SOCHI, Russia (Reuters) - It is both her greatest strength and her Achilles heel but Mao Asada will be the only woman at the Sochi Games to attempt at triple Axel, one of the toughest jumps in figure skating.
At the last Olympics in Vancouver, the Japanese dynamo landed three of them to win the silver medal behind the woman who is also her main rival in Sochi, Kim Yuna of South Korea.
Since then she has struggled to land the jump. In the team competition she messed up the Axel and placed third behind Russian teen prodigy Julia Lipnitskaya and Italy’s Carolina Kostner in the short program.
“After that (the 2010 Vancouver Games), I was struggling with the triple Axel for a long time,” Asada told reporters on Monday, two days before the women’s individual competition begins. “In the team event, unfortunately, I couldn’t do it. I was overwhelmed by my feelings.”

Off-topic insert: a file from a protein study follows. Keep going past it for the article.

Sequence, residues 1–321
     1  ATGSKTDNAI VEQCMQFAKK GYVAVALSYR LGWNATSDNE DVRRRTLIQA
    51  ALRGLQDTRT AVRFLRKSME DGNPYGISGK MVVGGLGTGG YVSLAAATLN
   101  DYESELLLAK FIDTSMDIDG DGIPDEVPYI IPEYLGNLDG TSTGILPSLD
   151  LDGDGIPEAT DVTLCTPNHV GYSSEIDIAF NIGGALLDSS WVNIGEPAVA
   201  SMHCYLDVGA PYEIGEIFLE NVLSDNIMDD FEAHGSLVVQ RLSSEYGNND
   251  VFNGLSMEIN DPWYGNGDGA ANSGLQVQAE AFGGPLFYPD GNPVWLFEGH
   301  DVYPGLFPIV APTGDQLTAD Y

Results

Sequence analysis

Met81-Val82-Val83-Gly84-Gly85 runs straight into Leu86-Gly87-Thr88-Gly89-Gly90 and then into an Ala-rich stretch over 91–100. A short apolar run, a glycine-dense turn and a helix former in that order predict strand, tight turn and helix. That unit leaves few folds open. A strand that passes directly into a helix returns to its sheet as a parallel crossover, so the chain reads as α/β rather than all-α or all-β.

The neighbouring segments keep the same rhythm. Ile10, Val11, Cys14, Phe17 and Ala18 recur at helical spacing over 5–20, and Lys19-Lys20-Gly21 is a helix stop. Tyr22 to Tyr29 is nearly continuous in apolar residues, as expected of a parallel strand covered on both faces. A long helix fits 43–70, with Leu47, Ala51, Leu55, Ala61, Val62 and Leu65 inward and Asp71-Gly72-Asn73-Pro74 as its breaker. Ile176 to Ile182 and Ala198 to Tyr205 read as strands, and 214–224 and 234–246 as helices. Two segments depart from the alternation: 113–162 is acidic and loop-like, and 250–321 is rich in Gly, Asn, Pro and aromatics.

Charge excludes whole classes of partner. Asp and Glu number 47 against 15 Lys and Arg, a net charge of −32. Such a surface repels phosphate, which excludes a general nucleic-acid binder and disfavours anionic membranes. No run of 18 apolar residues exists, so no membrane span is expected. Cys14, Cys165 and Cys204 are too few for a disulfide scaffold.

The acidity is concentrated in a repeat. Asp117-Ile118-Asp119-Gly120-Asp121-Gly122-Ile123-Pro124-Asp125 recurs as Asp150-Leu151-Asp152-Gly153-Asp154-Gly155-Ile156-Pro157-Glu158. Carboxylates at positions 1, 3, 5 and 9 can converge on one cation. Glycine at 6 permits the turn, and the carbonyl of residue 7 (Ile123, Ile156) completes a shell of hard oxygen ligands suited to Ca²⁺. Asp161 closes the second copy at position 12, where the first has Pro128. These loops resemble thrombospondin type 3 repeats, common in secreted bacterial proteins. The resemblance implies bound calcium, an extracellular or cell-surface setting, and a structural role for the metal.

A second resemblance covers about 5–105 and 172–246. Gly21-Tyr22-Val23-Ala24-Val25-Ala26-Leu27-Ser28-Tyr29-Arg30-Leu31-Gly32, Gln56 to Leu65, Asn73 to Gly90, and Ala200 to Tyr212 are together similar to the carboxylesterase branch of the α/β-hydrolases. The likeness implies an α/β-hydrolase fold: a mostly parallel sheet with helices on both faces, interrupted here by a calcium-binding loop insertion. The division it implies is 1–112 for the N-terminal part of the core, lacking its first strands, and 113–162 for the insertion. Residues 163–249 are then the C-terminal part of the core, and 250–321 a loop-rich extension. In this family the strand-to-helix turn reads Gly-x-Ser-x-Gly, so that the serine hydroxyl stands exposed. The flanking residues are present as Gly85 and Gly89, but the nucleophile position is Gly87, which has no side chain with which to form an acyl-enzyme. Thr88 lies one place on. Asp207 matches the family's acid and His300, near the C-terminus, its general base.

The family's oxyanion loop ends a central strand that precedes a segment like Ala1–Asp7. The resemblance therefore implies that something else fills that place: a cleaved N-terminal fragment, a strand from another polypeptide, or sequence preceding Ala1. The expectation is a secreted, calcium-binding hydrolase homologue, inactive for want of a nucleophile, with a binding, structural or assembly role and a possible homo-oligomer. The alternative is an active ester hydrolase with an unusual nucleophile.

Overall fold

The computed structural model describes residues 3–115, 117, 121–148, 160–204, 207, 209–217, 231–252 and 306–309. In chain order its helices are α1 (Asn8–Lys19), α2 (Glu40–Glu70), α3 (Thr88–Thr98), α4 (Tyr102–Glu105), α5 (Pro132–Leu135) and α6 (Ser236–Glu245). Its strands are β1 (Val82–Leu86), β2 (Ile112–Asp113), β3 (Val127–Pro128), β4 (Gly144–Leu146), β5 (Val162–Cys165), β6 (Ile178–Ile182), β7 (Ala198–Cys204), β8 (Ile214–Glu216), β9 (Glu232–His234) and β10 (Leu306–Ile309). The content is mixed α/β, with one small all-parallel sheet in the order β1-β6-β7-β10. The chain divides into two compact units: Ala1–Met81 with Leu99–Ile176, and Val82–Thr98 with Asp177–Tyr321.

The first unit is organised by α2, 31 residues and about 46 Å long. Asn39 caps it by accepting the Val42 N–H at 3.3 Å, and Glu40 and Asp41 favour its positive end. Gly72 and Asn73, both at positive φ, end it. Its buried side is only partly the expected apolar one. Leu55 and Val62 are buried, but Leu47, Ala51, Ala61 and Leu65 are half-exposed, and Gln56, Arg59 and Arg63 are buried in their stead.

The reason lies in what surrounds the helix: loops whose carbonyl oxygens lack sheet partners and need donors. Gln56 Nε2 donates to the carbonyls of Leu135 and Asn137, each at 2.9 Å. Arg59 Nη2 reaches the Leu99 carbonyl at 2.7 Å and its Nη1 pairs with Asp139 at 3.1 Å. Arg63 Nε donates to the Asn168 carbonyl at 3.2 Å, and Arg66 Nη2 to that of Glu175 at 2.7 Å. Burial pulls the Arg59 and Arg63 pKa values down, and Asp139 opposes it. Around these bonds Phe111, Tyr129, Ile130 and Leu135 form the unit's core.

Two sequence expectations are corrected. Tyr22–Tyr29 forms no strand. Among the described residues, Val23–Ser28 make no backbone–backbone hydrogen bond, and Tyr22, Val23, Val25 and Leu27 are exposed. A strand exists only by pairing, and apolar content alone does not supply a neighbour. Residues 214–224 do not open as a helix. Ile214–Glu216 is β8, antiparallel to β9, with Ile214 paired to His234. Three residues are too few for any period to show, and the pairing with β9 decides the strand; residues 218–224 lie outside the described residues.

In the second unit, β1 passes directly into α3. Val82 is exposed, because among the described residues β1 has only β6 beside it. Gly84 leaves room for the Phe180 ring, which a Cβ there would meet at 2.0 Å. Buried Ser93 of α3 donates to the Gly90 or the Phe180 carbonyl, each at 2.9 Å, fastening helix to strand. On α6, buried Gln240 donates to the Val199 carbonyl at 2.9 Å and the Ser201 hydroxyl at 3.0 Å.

This time Asada, who is hoping to finish off her competitive career with a bang, is giving herself one shot in each of the short and long program to nail the elusive jump and reap the technical points.
“A triple jump is a risk, but I see it as a challenge,” Asada said.
The 23-year-old, who followed her older sister Mai into skating at age five and is now a household name in Japan, says she draws her inspiration by her countrywoman Midori Ito, the first woman to land the triple Axel in competition in 1988.
“Midori Ito has been my idol since childhood,” she said. “I wanted to do the same jumps, the triple Axel.”
Although Asada prefers not to comment on her post-Olympic plans, her skate in Sochi is likely to be her last chance to perfect her trademark jump at the top level as she defends her Olympic title, with 15-year-old upstart Lipnitskaya among the challengers.
“The pressure really is on Kim Yuna and Mao Asada to go out there and accomplish their goals,” 1992 Olympic champion Kristi Yamaguchi told Reuters. “Maybe it is their last chance here at the Olympics, whereas for Julia it is her first coming out party.”
Editing by Mitch Phillips